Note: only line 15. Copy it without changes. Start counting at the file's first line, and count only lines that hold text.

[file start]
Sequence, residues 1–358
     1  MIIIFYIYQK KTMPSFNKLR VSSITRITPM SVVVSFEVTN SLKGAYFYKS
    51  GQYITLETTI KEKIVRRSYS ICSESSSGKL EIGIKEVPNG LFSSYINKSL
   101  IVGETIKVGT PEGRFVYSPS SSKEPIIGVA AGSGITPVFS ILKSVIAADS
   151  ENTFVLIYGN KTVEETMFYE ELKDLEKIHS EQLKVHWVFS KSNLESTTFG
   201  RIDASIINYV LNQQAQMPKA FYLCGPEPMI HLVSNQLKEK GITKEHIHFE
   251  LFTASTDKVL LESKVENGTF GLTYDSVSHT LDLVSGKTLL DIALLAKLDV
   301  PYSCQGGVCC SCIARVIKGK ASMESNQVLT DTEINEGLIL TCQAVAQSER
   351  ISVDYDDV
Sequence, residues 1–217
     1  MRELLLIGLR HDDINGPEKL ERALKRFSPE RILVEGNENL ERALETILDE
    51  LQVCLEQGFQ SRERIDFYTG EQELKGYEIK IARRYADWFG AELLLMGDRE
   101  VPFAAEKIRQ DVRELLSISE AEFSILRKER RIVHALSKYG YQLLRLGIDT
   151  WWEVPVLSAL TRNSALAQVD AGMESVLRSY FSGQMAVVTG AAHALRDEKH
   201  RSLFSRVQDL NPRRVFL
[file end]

   201  RSLFSRVQDL NPRRVFL